What circumstances cause one person’s enthusiastic approach to an issue to be ineffective and to resonate with only a polarized minority, while another person’s enthusiasm launches a movement that results in a major cultural shift?
Maybe it’s as simple as enthusiasm that is not tempered by reality is self-limiting. Anyone can be enthusiastic about virtually any subject. One need look no further than Twitter or Facebook to confirm that society has no enthusiasm deficit.
Are the vocal Democratic freshmen in the House pushing us toward a better society with their passionate ideas on social equality, or are they offering a convenient counterpoise that normalizes Trump as a reassuring voice of status quo. The Gallup poll of showing Trump’s approval at 44% might suggest the latter. I’d say it’s too soon to tell.
Proposing unrealistic or untenable solutions to current problems will do little more than move the Overton window  in one direction. Maybe that shouldn’t be dismissed as a meaningless result. It has certainly worked with Trump where his bizarre actions of today make his curious actions a year ago seem almost normal. Well, normal may not be an accurate characterization of anything he has done.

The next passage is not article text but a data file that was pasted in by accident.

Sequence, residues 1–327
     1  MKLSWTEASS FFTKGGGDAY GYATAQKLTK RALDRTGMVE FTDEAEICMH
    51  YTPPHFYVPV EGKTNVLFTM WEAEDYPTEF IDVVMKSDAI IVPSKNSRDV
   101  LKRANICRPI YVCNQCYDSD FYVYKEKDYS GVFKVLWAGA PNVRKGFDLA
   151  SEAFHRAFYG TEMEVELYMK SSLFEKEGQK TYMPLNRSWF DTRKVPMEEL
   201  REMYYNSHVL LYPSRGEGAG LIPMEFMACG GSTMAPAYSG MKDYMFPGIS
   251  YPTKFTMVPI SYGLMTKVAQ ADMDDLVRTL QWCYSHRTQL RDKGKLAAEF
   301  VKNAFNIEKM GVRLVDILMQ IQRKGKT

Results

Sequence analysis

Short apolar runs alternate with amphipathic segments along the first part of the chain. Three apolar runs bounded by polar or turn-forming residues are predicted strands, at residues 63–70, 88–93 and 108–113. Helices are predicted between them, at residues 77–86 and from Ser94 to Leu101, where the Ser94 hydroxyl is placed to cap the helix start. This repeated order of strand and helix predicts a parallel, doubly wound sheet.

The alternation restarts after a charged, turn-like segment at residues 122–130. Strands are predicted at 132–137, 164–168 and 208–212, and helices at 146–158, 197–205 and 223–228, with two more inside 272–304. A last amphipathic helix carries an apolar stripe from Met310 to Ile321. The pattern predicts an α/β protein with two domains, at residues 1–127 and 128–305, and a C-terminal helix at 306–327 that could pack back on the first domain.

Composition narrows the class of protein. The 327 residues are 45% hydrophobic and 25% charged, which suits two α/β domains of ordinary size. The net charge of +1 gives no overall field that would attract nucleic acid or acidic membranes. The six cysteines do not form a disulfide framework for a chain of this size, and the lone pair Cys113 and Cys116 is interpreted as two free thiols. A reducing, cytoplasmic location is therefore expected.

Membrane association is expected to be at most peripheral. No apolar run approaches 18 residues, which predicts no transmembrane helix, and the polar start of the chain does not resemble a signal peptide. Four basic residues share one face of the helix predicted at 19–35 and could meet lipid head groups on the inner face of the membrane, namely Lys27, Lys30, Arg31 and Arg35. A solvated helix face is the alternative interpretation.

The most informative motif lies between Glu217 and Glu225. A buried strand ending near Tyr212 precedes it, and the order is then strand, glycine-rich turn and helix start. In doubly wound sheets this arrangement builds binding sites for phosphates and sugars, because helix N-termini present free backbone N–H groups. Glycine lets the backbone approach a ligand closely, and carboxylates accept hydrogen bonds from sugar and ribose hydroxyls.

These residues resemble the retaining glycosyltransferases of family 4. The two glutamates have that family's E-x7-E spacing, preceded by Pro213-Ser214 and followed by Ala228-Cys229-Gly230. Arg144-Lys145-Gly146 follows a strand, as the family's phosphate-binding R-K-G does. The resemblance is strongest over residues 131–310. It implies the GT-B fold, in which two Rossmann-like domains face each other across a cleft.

New ideas drive advancement
New voices and new ideas are necessary to make any meaningful advancement in any aspect of the human experience. But to be effective, those voices must be cognizant that reality and idealism are often at odds with each other. The voices that can acknowledge reality while still maintaining enthusiasm are the ones that can change the world.
Enthusiasm and bold new ideas are simply not enough. There needs to be an implementation pathway for those ideas that acknowledges that the end result will not be perfect. Some leaders cannot accept less than full realization of the ideal outcome as they see it. For them, compromise is defeat.
Is it a right place, right time issue?